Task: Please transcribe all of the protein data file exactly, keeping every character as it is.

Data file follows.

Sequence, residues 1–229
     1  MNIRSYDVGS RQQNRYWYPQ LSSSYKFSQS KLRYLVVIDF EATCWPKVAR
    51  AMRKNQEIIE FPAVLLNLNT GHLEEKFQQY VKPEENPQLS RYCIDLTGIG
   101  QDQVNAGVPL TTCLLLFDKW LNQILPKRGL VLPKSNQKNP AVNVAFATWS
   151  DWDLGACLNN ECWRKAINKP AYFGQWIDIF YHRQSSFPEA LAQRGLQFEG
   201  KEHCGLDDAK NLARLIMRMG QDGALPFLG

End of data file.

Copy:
Sequence, residues 1–229
     1  MNIRSYDVGS RQQNRYWYPQ LSSSYKFSQS KLRYLVVIDF EATCWPKVAR
    51  AMRKNQEIIE FPAVLLNLNT GHLEEKFQQY VKPEENPQLS RYCIDLTGIG
   101  QDQVNAGVPL TTCLLLFDKW LNQILPKRGL VLPKSNQKNP AVNVAFATWS
   151  DWDLGACLNN ECWRKAINKP AYFGQWIDIF YHRQSSFPEA LAQRGLQFEG
   201  KEHCGLDDAK NLARLIMRMG QDGALPFLG